Positron Emission Tomography (also known as PET/CT) is a nuclear medical exam that produces a three-dimensional image of functional processes in the body. A PET/CT scan uses a small amount of radioactive material to show differences between healthy and diseased tissue. PET/CT scans produce diagnostic images, which can be used to evaluate a variety of diseases.
HOW TO PREPARE YOUR VISIT?
What to Expect?
You will receive an intravenous (IV) injection of a radioactive material.
It will take approximately 30 to 90 minutes for the tissue under study to absorb the radioactive material. During this time, you will rest quietly in a private waiting area. It will be necessary for you to avoid significant movement or talking, which may alter the substance's localization.
After the waiting period, you will be positioned on the PET/CT scanner table and asked to lie still during your exam. Scanning takes 30 to 45 minutes.
Usually, your daily routine will not be restricted after the test. However, you will be advised to drink plenty of fluids in order to flush the radioactive substance from your body. When given the intravenous injection, you will feel a slight prick at the injection site. However, you will not feel the substance in your body. You will be made as comfortable as possible on the exam table before you are positioned in the PET/CT scanner for the test. Some patients may find it uncomfortable to hold still in one position for more than a few minutes, but the procedure is not painful.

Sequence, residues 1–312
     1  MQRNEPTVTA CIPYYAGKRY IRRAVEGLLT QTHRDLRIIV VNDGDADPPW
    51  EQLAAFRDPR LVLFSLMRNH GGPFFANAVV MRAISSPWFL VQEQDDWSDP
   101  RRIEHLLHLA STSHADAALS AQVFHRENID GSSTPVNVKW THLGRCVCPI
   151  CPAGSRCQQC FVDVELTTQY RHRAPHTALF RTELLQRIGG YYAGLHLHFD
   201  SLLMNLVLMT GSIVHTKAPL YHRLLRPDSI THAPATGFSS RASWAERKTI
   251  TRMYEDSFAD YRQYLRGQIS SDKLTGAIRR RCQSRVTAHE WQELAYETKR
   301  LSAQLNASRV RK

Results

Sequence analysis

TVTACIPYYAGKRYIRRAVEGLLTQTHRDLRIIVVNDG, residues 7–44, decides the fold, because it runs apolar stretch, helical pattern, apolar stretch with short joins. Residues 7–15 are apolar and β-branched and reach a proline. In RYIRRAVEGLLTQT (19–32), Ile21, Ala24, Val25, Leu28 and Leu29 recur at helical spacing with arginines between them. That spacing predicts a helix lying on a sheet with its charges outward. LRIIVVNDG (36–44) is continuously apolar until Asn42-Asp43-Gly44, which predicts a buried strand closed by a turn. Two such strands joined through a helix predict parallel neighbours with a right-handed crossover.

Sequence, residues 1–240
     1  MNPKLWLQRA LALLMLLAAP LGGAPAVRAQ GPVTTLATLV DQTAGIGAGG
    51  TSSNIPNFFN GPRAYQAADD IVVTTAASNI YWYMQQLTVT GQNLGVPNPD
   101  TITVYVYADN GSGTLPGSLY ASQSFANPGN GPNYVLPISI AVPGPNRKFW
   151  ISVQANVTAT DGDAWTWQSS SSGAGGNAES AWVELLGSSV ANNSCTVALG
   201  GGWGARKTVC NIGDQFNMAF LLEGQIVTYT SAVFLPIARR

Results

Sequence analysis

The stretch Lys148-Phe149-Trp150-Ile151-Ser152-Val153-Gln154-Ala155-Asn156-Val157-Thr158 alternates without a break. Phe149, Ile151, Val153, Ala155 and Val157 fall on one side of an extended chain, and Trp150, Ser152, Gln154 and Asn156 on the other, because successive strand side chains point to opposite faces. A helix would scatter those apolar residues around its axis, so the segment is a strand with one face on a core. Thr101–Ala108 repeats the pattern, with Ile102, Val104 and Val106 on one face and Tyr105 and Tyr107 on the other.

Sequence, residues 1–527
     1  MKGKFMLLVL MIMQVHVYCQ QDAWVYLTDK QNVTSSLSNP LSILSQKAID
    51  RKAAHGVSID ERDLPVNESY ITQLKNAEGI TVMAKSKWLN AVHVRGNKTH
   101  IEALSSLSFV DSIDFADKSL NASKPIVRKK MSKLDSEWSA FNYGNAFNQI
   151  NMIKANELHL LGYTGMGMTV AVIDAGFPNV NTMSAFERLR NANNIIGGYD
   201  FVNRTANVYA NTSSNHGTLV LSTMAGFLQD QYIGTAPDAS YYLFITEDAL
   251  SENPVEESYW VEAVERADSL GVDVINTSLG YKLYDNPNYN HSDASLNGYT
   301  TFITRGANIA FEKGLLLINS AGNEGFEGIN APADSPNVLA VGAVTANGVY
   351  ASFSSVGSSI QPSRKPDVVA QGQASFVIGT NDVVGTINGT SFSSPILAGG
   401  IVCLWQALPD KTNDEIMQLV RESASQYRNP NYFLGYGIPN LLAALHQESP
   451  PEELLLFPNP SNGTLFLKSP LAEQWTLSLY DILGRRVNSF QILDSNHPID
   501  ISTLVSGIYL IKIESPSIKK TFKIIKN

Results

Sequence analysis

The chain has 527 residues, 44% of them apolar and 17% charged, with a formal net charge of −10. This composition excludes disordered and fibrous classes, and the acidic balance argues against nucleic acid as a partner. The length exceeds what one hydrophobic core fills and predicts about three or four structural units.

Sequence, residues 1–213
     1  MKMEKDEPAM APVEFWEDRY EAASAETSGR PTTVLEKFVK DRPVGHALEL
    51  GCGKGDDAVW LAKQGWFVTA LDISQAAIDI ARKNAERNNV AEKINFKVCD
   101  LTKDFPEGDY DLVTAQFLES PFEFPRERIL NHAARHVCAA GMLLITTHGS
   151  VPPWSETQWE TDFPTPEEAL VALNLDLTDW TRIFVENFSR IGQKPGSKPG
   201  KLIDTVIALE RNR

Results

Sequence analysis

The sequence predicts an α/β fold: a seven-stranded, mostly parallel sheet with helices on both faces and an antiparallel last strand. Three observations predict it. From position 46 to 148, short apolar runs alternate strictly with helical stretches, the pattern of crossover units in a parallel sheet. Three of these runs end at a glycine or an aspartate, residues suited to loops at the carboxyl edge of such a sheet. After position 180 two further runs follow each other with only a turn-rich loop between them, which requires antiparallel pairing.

What are some common uses of PET?
§ Detecting cancer
§ Preparing cancer treatment planning
§ Evaluating the heart for:
- Blood flow
- Signs of coronary artery disease
- Heart function
§ Evaluating the brain for:
- Alzheimer's disease
- Brain tumors
- Seizure disorders